Root was born from a deep love for community and a belief in the power of food to tell stories, connect us to place and to each other, and build a bridge to the past.
When I realized how many other people wanted to experience food in the ways I do, I founded Root to help share what I learn and offer new ways to think about what and how we eat.
Through my work as a chef, writer, professor, museum curator and artist, I’ve spoken to many people who I’ve spoken to crave an understanding of what they eat. They are eager to look beyond recipes to find stories, and to find connections to the past and to each other in the process. And, they’re hungry to find the connections not only to the past but between our many creative, culinary interests in the present.
By combining traditional methods and historical research along with expansive, multi-disciplinary creative activities, I help the people I work with find magic in the everyday.
I began this business with event and research consulting, classes, and a monthly membership. Root has since grown to include robust and innovative online courses, private fermentation coaching, spectacular events, creative work with filmmakers and other creatives, and more.
Finding our food stories
The goal of each recipe I write, and each fermentation class I teach is to unlock the magic of the dishes we and our ancestors know and love. I talk a lot about the magic of the everyday, and of thinking of our food and ourselves in context. Whether it’s the transformation of sauerkraut by microbes that evolved alongside our bodies, or cooking the 1600s predecessor to modern apple pie, the world of food is full of wonder and beautiful stories just waiting to be discovered.
However, no food story exists in a vacuum, just as each food item is inherently connected to its story and the world around it. Food is inherently communal, and eating is inherently a community act, whether we’re relying on the farmers who grow our food, the drivers who transport it, or friends and family who cook and eat with us. Root was established in order to help connect these people and build community.
These food stories of the past have an impact on what we eat today, but we are also continuing to tell those stories, writing and reshaping the narratives. By knowing where our stories started, perhaps we can more intentionally consider where they’re going.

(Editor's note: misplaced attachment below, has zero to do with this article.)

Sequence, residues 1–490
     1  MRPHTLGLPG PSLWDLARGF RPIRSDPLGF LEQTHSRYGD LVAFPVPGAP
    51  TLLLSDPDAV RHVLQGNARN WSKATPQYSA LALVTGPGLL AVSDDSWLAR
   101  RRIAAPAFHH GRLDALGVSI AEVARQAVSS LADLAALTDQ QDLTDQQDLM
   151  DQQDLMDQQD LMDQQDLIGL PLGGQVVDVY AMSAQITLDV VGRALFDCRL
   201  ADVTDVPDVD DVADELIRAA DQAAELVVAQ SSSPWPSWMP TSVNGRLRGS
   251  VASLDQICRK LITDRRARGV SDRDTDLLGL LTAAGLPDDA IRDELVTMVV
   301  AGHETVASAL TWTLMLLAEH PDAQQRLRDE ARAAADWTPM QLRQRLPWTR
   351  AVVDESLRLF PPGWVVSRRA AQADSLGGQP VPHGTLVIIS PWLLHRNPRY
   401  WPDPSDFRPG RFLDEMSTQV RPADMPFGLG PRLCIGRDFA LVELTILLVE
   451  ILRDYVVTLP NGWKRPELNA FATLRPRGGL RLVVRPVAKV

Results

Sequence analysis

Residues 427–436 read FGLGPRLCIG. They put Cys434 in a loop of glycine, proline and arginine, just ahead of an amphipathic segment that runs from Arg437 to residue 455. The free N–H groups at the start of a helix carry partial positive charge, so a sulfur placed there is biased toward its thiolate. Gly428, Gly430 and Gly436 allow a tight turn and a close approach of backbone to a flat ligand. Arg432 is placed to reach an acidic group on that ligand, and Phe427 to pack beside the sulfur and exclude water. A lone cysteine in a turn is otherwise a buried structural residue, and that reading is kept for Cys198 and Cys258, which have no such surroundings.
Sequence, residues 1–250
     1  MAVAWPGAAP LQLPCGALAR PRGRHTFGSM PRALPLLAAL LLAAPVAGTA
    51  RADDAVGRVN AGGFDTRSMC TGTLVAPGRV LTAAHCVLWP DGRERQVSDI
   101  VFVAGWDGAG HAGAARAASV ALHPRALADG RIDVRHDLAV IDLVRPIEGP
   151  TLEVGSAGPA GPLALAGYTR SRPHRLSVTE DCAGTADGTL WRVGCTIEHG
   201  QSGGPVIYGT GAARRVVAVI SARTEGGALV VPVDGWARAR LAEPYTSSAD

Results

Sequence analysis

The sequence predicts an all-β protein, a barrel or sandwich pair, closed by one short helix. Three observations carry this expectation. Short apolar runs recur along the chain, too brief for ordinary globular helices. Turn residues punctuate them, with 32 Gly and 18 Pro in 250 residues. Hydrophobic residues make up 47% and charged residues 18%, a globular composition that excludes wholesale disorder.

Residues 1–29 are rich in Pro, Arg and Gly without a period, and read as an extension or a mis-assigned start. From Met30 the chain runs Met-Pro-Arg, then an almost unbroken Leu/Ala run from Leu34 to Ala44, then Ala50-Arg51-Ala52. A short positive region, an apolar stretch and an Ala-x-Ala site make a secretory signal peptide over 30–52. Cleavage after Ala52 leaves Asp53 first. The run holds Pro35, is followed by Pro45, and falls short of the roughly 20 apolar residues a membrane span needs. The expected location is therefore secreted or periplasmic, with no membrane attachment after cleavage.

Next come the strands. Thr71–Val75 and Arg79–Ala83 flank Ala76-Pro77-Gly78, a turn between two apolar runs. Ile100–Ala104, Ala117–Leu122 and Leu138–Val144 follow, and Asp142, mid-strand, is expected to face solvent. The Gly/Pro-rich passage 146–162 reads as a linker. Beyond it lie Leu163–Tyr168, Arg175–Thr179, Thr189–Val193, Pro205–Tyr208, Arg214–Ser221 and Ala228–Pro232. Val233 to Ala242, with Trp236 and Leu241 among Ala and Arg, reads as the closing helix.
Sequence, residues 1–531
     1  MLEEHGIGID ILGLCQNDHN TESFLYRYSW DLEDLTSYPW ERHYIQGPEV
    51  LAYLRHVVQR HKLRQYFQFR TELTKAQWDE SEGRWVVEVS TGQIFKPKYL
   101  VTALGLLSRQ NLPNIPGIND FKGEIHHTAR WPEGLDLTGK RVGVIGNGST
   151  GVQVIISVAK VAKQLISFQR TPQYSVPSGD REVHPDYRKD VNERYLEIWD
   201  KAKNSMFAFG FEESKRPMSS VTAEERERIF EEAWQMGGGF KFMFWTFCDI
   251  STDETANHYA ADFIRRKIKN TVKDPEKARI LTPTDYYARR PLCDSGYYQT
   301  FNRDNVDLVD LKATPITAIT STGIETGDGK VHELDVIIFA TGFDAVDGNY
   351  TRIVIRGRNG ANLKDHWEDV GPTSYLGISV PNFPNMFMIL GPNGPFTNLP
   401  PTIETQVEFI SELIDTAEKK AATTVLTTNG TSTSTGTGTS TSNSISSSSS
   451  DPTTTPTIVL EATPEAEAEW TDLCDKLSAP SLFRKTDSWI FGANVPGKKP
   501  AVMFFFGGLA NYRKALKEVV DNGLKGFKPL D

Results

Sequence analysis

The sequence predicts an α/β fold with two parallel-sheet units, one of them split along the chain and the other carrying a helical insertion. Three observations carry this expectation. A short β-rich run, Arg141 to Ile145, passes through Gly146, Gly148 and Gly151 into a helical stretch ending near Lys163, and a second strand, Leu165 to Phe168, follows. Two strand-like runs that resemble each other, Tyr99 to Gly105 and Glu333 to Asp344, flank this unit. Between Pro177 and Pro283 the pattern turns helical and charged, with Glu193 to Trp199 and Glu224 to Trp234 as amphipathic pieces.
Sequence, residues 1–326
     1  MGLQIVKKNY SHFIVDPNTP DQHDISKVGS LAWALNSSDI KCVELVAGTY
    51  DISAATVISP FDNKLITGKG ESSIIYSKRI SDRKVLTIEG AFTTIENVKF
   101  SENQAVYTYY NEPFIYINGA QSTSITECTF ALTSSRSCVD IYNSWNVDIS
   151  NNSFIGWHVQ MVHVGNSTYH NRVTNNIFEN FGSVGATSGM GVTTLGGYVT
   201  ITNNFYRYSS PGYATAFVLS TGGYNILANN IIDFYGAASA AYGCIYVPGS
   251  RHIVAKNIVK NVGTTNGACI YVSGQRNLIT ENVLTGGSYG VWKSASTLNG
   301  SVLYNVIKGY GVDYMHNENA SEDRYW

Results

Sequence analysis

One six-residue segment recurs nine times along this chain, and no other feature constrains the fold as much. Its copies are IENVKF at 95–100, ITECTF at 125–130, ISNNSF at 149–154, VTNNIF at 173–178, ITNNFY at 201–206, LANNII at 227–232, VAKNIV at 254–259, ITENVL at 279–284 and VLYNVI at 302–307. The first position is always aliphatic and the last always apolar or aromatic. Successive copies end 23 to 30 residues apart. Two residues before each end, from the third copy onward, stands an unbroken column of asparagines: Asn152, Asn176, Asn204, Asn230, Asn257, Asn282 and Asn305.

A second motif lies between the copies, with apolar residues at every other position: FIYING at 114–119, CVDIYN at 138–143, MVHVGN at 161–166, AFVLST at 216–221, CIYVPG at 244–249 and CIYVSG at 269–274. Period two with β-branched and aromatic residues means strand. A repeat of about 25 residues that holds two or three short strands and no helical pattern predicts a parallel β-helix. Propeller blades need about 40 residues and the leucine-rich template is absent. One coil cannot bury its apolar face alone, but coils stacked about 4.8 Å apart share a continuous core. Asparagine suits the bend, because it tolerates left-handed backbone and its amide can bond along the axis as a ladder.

Each of us has our own food stories and our own valuable perspectives to share, which is why Root isn’t just a one way street, preaching the magic of fermentation and food history. Root is an inherently collaborative endeavor, as each class and each project we undertake is an opportunity for everyone to learn from each other.
This means we’re expanding the history of food history to include everyone we can, and that includes you.
I’m always cooking up new experiments, trying to push the envelope of what culinary writing, education, and collaboration look like to facilitate conversation, connection, and curiosity.
A weekend food waste and fermentation workshop with some of the best fermentation teachers in the country, plus a virtual version held on Instagram Live to help people stretch their food stores during early COVID shortages.
A class in using wild fermented foods to capture time and place, and using this to heal from grief as an individual and a community.
Responsive dinners: Creating menus that speak to time and place through ferments, forage, and more.
It’s an exciting journey, and I’m glad you’re along for the ride.
If you’d like to work with me, please get in touch here!
About Julia, Root’s founder
I’m an award-winning author, food historian, PhD, fermenter, artist, teacher, curator, researcher, world traveler, and of course, an avid cook.
I’ve purposefully sought out a lot of experiences, and built up some diverse skill sets, so that I can use all of them to tackle big problems creatively and collaboratively.
Building my community, whether it’s my neighborhood, my city, the fermentation community, or within an academic discipline, is my central focus. My dedication to community and curiosity shows up across all my work, as a scholar, artist, business owner, and a teacher.
I teach classes at several universities for undergraduates and graduate students. My focus is on dynamic, collaborative classrooms that prepare students to think deeply and critically, while also thinking contextually. I use this same dynamic and interactive approach in my community classes and events.
As a food historian, my work is rooted in the belief that food is a powerful tool for human connection and memory. This appears in my research, my teaching (both academic instruction and skills workshops), and in my latest art projects.
I earned my doctorate in Information Studies from Florida State University in 2015. Most of my research focuses on how we engage with change in various contexts, and my work cuts across several disciplinary areas in the Humanities and Social Sciences. This includes theory testing and theory building, which you can learn more about at this link.
Since then, I have shifted my work to be more topical rather than geographic: My latest book, silver Nautilus Book Award–winning Our Fermented Lives, covers the global history of fermentation.
You can see all my experience, and publications, on my CV.
Like the rest of my work, my food history work is part theory and part practice, and involves getting in the kitchen or getting out in the community and learning (or trying to teach others) how to make a historic dish, just as often as it involves sitting with research materials and watching the story of that dish unfold.
I’m excited to share the richness and connectivity that food has brought to my life with you, and would love to hear about your favorite food experiences. Drop me a line and let’s chat!